When you train a fox trotter, about how old are they when you first start riding them?

All the way from seventeen months on up to two years.

Is it better to start them at two or can you wait till they're three?

I'd rather start them at two, before they get two. They're easier broke and they're not set in their ways. But it depends on your horses. Some horses is more developed and you can start them quicker than you can others. You take them where they ain't developed good nor been took good care of--you can't do that. You're liable to hurt them. You've got to know about what a young horse can stand when you start in. If you don't, you better leave it alone. That's all there is to it.

What's the first thing you teach a horse to do when you're training it?

Learn it to mind.

How do you do that?

That's easy done for me. I just show them what I want them to do. After I show them and they understand what I want them to do, I make them do it. Just like you would a kid. The first thing you do, you got to learn them to mind. You got to learn them what "whoa" is and all that stuff and then you just start from there on out just like you would anything else.

Could you tell us how you start a horse that has just been halter broke? What do you do with them?

Well, different ways. Sometimes I put the saddle and bridle on them and let them stand in the stall and I tie their head a certain way and do that for a few days straight, and sometimes I just put the saddle and bridle on them, turn them out in the lot, let them fight it and get used to it. Half the time, if they're gentle and all, I just get them in and go to riding them, like I'm doing this horse here of yours. Depends on your horse.


Do you ever use an older horse to help break a young one?

Yes, when I'm riding outside, I generally have some boy here to ride the young one and I do the leading the horse and all.

What kind of bit do you use?

General rule, I use just a regular limber bit (snaffle bit). You see, they can fight it and it don't hurt their mouth. Sometimes I ride them according to whether I can handle them or not. If they're pretty hard to handle, I ride them with a regular bit on.

What gait do you work them in first?

I generally flat foot them. Get them set in their flat foot good. Then just go from there. You can tell by your horse how soon you can go to fox trotting. But that flat foot is the main thing you ought to learn them the first thing.

What do you do with a colt if he doesn't want to fox trot?

Now, that's a hard question for me to answer. I could tell you how on one, but then the next one you'd get on, you couldn't do that. I've rode lots of horses and I hardly ever ride two that breaks out alike. I've rode a lot of them and I forget. You know, it's been so long, I forget what I did to some of them.

Why wait until the horse is three before cantering them?

Well, that's easy answered. It's a good thing you asked it. Sometimes you go try to canter a two year old fore you get him set in his gait, you'll get him where you push him up a little, he'll quit fox trotting. It confuses them.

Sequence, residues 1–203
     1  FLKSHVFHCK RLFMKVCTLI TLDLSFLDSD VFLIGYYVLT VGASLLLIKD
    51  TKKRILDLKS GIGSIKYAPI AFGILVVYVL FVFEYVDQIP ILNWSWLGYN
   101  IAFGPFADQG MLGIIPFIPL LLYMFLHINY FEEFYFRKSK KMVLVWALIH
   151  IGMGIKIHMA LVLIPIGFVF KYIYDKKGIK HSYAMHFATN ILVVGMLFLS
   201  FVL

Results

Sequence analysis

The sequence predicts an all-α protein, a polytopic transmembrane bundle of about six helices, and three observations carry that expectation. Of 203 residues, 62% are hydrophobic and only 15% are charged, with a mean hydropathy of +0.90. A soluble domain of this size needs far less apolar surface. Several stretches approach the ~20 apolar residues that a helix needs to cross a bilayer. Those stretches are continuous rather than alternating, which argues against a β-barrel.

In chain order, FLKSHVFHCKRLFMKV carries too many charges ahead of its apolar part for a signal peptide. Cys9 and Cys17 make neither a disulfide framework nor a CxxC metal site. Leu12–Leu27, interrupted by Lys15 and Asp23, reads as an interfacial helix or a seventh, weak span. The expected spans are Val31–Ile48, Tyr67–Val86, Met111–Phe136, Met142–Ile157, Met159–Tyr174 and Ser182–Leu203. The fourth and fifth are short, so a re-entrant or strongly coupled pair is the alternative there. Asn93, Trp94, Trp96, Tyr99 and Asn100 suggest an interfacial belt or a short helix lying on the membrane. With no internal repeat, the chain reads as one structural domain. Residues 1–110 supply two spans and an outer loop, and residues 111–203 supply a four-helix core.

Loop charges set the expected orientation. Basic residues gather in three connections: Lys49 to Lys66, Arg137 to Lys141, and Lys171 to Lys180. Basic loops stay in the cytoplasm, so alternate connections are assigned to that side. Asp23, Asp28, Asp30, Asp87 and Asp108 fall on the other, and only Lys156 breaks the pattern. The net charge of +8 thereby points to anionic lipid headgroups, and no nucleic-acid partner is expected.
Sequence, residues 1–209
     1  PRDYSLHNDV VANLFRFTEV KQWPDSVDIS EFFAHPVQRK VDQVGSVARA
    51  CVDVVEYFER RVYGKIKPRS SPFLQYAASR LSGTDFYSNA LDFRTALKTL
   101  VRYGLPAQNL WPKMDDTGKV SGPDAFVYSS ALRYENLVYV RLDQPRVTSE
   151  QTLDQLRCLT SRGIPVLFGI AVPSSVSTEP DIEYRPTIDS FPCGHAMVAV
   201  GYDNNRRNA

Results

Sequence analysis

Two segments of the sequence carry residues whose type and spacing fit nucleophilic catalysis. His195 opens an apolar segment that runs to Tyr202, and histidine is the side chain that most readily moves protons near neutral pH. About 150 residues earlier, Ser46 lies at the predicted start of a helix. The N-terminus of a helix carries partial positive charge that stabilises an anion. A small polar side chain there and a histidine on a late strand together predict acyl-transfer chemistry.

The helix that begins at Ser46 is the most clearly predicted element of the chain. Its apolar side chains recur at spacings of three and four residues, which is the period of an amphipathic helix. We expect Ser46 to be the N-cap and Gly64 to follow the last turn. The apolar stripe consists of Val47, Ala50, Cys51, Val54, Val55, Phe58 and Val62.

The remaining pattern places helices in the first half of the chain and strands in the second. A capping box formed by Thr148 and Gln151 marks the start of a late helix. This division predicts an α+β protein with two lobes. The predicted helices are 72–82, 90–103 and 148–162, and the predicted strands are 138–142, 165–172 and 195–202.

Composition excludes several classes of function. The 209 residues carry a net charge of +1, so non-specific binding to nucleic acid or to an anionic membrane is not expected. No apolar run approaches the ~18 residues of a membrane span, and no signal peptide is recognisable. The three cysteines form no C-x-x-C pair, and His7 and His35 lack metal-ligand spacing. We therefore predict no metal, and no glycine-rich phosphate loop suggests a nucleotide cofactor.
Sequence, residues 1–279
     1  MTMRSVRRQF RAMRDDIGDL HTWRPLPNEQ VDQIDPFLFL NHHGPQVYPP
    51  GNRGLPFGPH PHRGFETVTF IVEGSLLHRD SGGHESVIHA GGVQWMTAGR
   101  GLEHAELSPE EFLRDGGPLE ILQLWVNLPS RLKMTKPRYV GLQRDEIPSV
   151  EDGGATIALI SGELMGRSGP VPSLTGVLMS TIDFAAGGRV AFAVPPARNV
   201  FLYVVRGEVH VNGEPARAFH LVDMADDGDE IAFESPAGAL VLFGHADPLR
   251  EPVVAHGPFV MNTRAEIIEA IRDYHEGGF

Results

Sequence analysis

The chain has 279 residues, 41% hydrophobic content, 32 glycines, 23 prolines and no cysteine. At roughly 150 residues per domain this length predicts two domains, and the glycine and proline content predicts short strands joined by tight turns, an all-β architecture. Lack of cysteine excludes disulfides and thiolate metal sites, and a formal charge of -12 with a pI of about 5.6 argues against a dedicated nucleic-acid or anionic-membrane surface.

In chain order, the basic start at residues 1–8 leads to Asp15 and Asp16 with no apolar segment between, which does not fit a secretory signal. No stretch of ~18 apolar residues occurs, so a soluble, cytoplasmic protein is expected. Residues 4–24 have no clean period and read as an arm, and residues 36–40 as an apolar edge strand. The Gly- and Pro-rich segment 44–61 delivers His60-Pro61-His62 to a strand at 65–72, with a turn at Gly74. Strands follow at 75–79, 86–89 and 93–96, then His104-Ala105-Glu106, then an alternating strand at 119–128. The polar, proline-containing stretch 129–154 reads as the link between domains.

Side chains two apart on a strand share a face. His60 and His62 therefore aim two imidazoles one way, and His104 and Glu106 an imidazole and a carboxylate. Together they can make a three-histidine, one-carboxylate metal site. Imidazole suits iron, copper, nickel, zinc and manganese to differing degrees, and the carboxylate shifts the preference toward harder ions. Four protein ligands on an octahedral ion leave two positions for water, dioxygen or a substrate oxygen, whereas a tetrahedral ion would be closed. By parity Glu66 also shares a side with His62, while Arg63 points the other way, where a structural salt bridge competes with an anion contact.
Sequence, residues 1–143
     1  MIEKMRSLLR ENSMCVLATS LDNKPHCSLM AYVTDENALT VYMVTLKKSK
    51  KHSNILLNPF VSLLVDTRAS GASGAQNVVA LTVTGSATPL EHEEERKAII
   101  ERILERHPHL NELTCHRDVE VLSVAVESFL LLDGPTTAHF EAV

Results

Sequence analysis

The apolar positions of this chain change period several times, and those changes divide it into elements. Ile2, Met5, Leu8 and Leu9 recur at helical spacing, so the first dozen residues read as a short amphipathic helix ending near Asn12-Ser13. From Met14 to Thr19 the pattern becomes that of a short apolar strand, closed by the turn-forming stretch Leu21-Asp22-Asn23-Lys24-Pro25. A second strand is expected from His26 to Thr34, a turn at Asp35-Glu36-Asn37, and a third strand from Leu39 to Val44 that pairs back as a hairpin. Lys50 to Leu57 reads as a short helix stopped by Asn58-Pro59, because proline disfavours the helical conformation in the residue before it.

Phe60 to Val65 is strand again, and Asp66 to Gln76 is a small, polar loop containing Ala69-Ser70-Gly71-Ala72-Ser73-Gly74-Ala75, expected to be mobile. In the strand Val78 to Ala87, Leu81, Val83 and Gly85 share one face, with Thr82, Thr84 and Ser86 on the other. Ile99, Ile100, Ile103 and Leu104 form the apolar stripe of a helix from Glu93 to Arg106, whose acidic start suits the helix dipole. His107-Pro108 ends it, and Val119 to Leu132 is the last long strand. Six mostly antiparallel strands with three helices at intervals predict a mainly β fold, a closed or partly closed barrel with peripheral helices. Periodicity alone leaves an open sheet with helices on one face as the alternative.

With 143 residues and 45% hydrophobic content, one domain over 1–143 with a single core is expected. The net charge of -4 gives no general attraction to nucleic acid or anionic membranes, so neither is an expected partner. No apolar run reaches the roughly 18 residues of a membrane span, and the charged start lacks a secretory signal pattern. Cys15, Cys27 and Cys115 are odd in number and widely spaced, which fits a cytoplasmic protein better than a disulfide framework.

What do you like to do with a horse until they're old enough to ride?

I like to take good care of them. You can let them run out clear up to they're a yearling. They ought to run out. Then when they are a yearling and you're going to ride them about that fall, you ought to bring them in and take good care of them and grow them.

What's the most important thing to do when you're training horses?

You got to be smarter than your horse. Horses are pretty smart. I tell you horses is really smarter than people really give them credit to be. If you'll just take a young horse when you're breaking it, and if you don't know how, the horse is smarter than two-thirds of the people. Now that's the truth, if I ever told it. They're smart enough to know how to not let them break them. And they're smart enough to know what to do when they're doing it. My experience is if you ain't smarter than the horse, you're pretty well blowed up.

But maybe even more important than that, you've got to love horses. If you don't like them, and like to fool with them, you just better leave them alone. Now, that's the whole thing in a nutshell. You've got to love the animal when you start in. I'm a horse-lover. I have been all my life. My dad was that way, too. And he always took care of his horses and he loved horses. And I guess I took back after him.



To find out how to shoe the fox trotter Patti Jones and I talked to Keith Mizer of Lebanon who has been shoeing them for nine years. When asked why he started shoeing, Keith replied, "Lack of sense, I think!" Actually, Keith had a quarter horse mare that needed shoes and Lloyd Bell, the only farrier in the area. was ill. He lent Keith his tools and told him to shoe the mare. "I just started in. It was a terrible looking mess when I got done with it."

For three and a half years, Keith shod horses under Lloyd Bell's supervision. "He [Mr. Bell] told me that if I wanted to learn how to shoe that he'd teach me to shoe fox trotting horses because that's what he'd been shoeing for thirty-five to forty years. When he started out, he drove shoes on for ten cents a shoe."

Keith paused, and looked at me before he added, "Now I get fourteen dollars for shoeing." Thinking of my two horses, both waiting for Keith to shoe them, I began wishing for the good old days.

"Anyway," Keith continued, "I let quarter horses go and went on to fox trotting horses. I started out part-time. And £t just got bigger and bigger and bigger. I shod Mona Lisa. I guess I'm the only man that's ever shod a world champion, same horse three years in a row.